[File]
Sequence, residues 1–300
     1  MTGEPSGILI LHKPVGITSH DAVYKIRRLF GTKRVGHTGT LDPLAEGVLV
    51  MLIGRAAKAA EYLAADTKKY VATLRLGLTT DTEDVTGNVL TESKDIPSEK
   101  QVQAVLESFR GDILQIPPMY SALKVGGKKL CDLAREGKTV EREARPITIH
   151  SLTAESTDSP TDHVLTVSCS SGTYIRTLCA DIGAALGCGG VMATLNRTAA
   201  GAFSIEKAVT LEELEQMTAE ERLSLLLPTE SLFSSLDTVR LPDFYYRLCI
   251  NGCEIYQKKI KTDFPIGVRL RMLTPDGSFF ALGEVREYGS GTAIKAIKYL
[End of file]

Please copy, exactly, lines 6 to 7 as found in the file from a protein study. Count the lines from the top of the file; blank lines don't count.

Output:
   201  GAFSIEKAVT LEELEQMTAE ERLSLLLPTE SLFSSLDTVR LPDFYYRLCI
   251  NGCEIYQKKI KTDFPIGVRL RMLTPDGSFF ALGEVREYGS GTAIKAIKYL